The kidneys excrete byproducts of metabolism, just as in humans. In birds the byproduct is uric acid, a solid substance. That is the white solid substance is visible in the droppings. There is also a clear liquid component of the urine.

The blood supply to the legs and intestines is common to the blood supply with the kidneys. Therefore, infections in the feet or intestinal tract can cause kidney disease.

If a bird has a sore foot, it needs immediate attention because the blood supply goes directly to the kidney and can cause infection to rapidly spread there. Birds can also channel blood from the legs directly to the kidneys and bypass the rest of the circulation. For this reason, injections should not be given in the legs. This could result in direct damage to the kidneys.

The reproductive system of birds is of interest. Birds have only the left ovary and oviduct that fully develop. In the female, the right ovary and oviduct atrophies. In the male, both right and left sides develop into testicles. Birds can lay eggs without ever being exposed to a male bird. These eggs are unfertilized, therefore, they won’t hatch.

Mating occurs when the male mounts the female. Their cloaca join by turning inside out. The vas deferens of the male runs from the internal testicles that are located close to the kidneys. The vas deferens empty into the dorsal part of the cloaca. There is not actually a penis in the male bird, but specialized phallic tissue that deposit semen into the female’s cloacal urodenum, where the oviduct opening is found. The semen makes its way up the oviduct to fertilize the eggs.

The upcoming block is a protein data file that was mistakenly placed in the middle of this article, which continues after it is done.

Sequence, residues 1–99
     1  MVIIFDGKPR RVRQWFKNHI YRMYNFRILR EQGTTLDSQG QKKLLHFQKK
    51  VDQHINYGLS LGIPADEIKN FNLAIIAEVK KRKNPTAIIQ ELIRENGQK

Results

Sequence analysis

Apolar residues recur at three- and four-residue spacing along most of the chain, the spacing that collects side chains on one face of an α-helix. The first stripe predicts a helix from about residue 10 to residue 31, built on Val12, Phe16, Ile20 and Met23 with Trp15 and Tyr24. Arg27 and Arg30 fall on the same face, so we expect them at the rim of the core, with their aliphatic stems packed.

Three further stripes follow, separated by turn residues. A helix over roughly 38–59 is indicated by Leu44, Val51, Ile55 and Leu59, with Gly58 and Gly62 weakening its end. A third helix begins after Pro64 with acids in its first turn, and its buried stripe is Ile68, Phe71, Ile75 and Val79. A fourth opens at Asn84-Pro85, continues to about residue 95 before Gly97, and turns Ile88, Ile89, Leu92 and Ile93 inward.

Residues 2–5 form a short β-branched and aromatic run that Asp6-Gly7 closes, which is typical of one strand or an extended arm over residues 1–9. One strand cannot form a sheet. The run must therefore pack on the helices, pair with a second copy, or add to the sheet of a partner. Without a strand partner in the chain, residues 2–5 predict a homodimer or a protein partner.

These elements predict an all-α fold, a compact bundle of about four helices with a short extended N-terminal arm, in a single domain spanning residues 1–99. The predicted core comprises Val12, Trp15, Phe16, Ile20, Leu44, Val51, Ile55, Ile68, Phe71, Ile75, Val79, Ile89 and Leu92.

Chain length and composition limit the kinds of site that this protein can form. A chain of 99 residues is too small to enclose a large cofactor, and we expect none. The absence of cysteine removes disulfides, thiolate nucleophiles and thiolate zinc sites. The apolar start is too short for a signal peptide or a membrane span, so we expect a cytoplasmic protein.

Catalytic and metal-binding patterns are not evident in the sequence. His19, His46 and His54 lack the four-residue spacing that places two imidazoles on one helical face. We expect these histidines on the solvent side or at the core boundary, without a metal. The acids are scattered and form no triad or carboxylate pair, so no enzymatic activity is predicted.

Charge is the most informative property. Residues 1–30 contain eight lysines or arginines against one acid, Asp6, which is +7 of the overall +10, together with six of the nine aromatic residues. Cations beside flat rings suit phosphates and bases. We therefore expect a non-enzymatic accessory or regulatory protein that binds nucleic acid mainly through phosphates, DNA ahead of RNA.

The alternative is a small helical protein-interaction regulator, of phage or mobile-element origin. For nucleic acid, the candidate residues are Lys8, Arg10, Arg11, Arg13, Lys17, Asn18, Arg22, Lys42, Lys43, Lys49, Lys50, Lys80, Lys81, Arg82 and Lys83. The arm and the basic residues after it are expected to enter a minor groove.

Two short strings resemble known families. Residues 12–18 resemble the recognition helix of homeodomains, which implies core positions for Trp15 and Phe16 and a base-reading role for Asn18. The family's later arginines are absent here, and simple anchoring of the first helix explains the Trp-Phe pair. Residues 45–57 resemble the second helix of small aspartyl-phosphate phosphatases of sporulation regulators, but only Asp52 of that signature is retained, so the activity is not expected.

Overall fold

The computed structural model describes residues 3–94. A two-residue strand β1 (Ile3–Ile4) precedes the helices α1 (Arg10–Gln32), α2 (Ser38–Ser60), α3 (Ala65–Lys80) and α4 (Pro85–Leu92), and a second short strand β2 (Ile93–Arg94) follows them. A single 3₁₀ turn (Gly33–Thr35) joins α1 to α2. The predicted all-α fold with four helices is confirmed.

In birds, the nerves that supply the legs travel from the spinal cord through the kidney tissue to the leg. Any disease of the testicle, ovary or kidney can present as lameness. This is a common presentation for kidney tumors in budgies.

Although some birds don’t have a gall bladder, most of the other internal organs are similar in appearance and function as that same organ in a dog or cat.

Birds do have ears, but the ears do not have external flaps or pinna like in a dog.

Some birds have specialized sensory feathers around the ears that may be confused with ears. For example, even Hoot Owls have feathers that look like ears but they are feathers designed to channel sound into the ear canal. That is why owls can hear so well that they can hear a mouse rustling a mile away!

Birds have nucleated red blood cells. Red blood cells with a blue nucleus in the center is normal. There are other differences in the white blood cells. In particular, the cell we refer to as a neutrophil in dogs is referred to as a heterophil in birds. These cells look a little different but have the same function.